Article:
15. davobmx

    davobmx Well-Known Member

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    I agree that there would be no negative effect on the animal but for the price of the globes/lifespan it's just not worth it when $4 globes do the same and give a basking spot aswell.
     
  16. Bluetongue1

    Bluetongue1 Guest

    There seems to be a little confusion here. Let’s sort out the basics first. UV light can be of 3 types – UVA, UVB & UVC. UVC is dangerous to all living cells but fortunately are filtered out by the ozone layer of the atmosphere. UVB rays are responsible for photosynthesis of vitamin D in the skin of vertebrates. The jury is still out on the effects of UVA. It is claimed that UVA rays affect various behaviours, including feeding and reproduction, as well as circadian and annual rhythms.

    Vitamin D is a fat soluble vitamin required to absorb calcium from the gut into the body and to use it once inside the body. A lack of vitamin D will produce the same effects as a lack of calcium in the diet, even if plenty of calcium is eaten. Being fat soluble, this vitamin is stored in the fat globules in the liver, ready for use when needed, such as after a meal. Varanids and snakes that eat whole vertebrates are able to make use of the vitamin D present in the livers of prey items.

    With geckos, it was found that the sloughed skin did NOT block UVB rays like that of snakes and other lizards tested. Based on this observation it has been hypothesised that even very low levels of UVB could get through gecko skin to where the living cells are able to photosynthesise vitamin D using UVB rays. The question that arises is at what point is the concentration of UVB sufficient to provide the energy required to drive the reaction?

    There is plenty of sound evidence to demonstrate that snakes, be they nocturnal or diurnal or something in between, do NOT require UVB radiation to be 100% healthy and normal in all respects, so long as they get vitamin D in their diet. On the other hand, high intensity UVB lights should be avoided or caged, as exposure close up can damage the eyes.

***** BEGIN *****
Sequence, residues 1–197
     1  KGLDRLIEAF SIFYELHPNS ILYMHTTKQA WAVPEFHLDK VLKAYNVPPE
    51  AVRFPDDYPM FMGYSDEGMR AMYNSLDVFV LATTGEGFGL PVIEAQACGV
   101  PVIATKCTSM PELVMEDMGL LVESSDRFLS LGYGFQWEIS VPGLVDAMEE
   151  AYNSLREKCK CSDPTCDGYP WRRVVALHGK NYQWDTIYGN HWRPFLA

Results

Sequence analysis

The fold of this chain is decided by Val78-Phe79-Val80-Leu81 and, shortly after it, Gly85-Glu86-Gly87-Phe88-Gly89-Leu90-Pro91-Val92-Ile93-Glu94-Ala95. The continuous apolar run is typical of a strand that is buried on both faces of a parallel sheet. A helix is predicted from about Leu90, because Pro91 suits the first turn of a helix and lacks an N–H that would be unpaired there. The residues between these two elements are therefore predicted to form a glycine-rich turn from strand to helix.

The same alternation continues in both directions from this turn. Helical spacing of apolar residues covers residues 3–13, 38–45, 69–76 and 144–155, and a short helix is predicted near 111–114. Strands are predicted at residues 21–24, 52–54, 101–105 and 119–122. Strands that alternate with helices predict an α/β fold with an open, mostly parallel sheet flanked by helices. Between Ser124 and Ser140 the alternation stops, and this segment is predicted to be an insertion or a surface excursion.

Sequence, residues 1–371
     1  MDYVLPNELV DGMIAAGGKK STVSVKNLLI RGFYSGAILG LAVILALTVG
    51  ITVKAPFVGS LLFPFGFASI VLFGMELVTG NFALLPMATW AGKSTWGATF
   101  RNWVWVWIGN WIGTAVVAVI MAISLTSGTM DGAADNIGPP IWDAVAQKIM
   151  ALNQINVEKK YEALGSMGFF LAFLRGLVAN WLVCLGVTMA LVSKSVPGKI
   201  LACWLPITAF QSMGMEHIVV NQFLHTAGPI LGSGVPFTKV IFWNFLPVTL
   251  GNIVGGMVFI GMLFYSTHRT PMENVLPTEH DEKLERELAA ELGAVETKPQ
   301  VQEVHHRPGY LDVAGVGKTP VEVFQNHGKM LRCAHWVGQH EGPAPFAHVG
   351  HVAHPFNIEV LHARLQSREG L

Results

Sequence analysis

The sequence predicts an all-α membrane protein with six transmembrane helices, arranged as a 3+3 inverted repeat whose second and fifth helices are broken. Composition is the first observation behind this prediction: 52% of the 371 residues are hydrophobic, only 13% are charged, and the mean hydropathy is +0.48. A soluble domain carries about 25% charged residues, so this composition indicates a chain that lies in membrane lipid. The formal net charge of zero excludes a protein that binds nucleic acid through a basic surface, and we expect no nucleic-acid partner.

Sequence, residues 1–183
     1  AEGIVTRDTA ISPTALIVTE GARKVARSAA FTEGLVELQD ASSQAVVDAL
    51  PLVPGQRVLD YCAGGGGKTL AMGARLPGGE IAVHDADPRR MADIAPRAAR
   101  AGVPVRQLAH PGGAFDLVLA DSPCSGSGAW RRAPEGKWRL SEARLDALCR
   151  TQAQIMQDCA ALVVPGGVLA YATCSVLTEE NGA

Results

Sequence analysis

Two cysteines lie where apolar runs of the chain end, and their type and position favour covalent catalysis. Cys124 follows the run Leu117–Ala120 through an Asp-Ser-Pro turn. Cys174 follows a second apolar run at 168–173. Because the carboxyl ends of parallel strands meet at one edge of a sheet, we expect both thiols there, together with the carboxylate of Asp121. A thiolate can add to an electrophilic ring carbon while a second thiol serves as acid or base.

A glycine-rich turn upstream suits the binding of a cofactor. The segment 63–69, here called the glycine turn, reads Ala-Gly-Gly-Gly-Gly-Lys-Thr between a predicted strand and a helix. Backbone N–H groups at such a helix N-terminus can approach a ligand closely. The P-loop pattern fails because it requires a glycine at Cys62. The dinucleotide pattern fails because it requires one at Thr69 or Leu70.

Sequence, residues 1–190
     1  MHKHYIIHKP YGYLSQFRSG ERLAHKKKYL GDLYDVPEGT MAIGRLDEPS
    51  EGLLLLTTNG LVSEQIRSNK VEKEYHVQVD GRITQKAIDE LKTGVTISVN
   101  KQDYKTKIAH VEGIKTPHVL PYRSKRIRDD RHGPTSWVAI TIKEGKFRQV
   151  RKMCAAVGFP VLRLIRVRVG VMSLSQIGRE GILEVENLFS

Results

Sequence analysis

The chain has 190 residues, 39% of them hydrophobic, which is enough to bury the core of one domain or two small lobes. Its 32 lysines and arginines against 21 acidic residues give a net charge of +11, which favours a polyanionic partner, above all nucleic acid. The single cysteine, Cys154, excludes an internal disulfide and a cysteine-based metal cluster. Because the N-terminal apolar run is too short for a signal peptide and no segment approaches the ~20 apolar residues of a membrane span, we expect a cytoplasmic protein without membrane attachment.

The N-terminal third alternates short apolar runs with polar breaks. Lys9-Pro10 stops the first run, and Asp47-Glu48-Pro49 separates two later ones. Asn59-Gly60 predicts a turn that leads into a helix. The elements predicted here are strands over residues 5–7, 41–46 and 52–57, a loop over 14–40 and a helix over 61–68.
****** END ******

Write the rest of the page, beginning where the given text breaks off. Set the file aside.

The effects of UVA are still hotly debated. I personally suspect it plays a part in snakes being able to distinguish natural day length from that provided by artificial lighting. As for the other claimed effects, I remain to be convinced…

    Irrespective of what individuals do or do not use, if they are taking the time to monitor their animals and ensure that they are alert, active and healthy, then they are doing the right thing. In the final analysis, the welfare of one’s charges is the ultimate goal. How you get there is secondary.

    Blue
     
    Last edited by a moderator: Mar 30, 2013
  17. mad_at_arms

    mad_at_arms Very Well-Known Member

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    Always a pleasure to read your responses Blue.
     
  18. Cypher69

    Cypher69 Well-Known Member

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    About 18 years ago when I got into reptiles, it was the bible that snakes NEEDED UV light to break down/absorb Vit D.
    Enclosures needed a UV light & a heat light...& yes, heat rocks were essential also. All the information provided was obviously marketing promotion on the back of the light packaging, there was only about 2 reptile books on the market that generalised captive keeping advice.
    I kept several snakes back then & for various reasons gave them away (to better homes) & then took a break from reptiles for several years after.

    Last year my interest in reptiles became strong again & I registered here at APS. And much to my surprise, UV lights were no longer deemed important to snakes, research over the years had proven that in captivity....I guess I'm just trying to imply that vets don't necessarily keep reptiles as pets or have any husbandry experience with them, they just rely on old text books for info. OR promote the brands they may get incentives from.
     
  19. Bluetongue1

    Bluetongue1 Guest

    Cypher69, I can guarantee that you are not alone in your experiences. Even today, with the knowledge of practical experience available, we still have retailers flogging goods that are not necessary and swearing black and blue that it has been a proven necessity. Those vets that have a passion for reptiles and keep their own, are the gems of our hobby. They are the ones that trial and differentiate the needs versus the supposed needs of many species of reptiles. Find one that is thus inclined and you are onto gold. Unfortunately there is a percentage that make claims to being like that, but actually don’t put in the hard yards and therefore their claims are spurious and should be viewed accordingly. Find yourself a vet who has a real passion for reptiles and who exercises a scientifically objective view of any evidence provided and you will be well and truly on the correct track!

    Blue
     
  20. Cougar2007

    Cougar2007 Active Member

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    I use uv in every one of my enclosures. Simply because I like the temperature of light they throw off. I know I don't need it (Diamonds debatable) but I figure it can't do any harm as they are all caged and on timer for daylight. My diamonds use them as a basking lamp which to me is kind of cool cause I believe it mimics nature as close as I can. Whilst ended up with them because of pet shop advice originally, like I said I like the light they produce.

    Has anyone ever heard of them causing harm? 5.0s is what I run for my snakes